One poster questioned why a nursing professor earns 47K and a law professor 100k. Since that's exactly the situation at the public university I attended, I did some digging. What I found was that the law school has an extremely well-organized alumni association that raises at least $350,000 a year in private contributions and that has established an endowment in excess of $2.2 million. The interest from that endowment allows the law school to offer competitive salaries. When I go back to school in January, I intend to find out if this has been considered at the nursing school and what it would take to get a similar campaign established, either by alumni, students or their supporters.

    In the meantime, I've written a letter to the governor pointing out the salary disparity and the problem it poses for students who can't get into nursing programs. I hope my classmates will do the same. The time spent is an investment in our futures.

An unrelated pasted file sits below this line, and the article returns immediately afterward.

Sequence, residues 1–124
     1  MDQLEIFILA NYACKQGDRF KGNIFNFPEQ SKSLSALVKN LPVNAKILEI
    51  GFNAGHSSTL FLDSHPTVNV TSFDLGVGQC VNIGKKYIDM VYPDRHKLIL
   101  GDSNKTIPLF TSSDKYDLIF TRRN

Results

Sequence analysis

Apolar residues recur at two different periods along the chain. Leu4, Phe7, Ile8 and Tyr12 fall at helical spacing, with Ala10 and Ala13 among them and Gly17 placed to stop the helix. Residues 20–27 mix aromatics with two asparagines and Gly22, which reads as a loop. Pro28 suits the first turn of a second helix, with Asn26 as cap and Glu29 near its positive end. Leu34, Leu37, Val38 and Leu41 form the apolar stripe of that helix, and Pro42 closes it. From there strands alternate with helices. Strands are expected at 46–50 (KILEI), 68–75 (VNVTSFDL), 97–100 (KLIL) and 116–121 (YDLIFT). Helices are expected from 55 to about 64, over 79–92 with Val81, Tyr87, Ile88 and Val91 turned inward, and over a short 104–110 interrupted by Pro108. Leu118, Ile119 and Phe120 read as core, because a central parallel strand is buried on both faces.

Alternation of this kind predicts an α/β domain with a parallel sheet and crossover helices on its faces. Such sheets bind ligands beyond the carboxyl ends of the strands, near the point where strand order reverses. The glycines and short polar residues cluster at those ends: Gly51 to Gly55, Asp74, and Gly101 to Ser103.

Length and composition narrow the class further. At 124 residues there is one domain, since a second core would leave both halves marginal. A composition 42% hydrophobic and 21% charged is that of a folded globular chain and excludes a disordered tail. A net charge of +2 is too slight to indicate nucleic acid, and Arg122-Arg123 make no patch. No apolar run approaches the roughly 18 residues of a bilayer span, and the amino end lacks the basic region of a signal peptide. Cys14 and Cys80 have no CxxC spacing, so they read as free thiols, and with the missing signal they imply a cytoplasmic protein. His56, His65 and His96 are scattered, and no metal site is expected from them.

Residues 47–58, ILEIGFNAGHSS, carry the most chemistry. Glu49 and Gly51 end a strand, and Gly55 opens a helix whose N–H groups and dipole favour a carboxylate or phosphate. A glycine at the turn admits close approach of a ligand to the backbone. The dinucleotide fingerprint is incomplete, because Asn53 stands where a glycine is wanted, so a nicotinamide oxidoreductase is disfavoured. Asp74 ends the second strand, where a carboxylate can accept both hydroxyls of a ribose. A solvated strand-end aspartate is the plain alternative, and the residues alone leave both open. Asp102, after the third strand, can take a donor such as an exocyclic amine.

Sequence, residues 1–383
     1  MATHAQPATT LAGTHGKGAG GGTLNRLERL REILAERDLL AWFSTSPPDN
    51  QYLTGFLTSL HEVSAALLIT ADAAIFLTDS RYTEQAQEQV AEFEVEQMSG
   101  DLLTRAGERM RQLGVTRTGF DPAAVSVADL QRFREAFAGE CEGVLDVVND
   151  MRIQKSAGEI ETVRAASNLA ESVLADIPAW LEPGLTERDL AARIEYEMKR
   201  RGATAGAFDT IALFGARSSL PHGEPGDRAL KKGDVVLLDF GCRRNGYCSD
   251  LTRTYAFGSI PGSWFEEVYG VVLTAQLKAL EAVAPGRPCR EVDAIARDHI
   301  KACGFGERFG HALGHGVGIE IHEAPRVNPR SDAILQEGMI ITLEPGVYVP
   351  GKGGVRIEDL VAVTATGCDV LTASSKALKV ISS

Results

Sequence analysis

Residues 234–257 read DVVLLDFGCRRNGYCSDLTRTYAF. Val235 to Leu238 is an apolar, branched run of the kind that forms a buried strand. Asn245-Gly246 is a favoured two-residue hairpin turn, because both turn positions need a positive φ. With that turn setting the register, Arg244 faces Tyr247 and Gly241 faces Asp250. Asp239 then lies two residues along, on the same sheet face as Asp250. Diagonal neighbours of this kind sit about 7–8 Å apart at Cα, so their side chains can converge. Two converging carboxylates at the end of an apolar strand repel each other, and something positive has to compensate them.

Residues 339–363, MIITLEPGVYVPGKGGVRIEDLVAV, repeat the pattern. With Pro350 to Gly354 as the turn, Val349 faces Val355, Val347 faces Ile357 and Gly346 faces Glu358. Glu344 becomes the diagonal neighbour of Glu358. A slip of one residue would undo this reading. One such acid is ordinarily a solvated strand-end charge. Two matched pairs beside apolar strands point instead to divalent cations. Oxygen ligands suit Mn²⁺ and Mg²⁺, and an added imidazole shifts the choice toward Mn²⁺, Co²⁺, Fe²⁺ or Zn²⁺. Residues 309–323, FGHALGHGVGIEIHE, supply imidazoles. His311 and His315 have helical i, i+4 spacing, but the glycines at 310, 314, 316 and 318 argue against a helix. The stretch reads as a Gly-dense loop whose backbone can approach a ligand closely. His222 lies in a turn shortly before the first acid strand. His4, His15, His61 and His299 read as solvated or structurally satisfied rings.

I agree with posters who suggest that the situation will change when the public feels the pain.
    Very interesting.

    Let me also supply another theory.

    I also believe that nursing professors are paid less because nursing is still partially seen as a "pink collar" job and nurse Phd's, MSNs and advanced degree nurses apart of 'the pink-collar ghetto'.

    Jobs are seen this way when they are dominated by women.

    Even in our progressive society this thinking exists because the public still has no real idea what nurses do. The technical skill needed to manage today's hopital patient is not translated.

    As more men enter the profession and as more people (men and women) continue to see nursing as an important professional choice professor salaries (and chances to raise huge endowments) will increase.
    Last edit by sunnyjohn on Jan 1, '07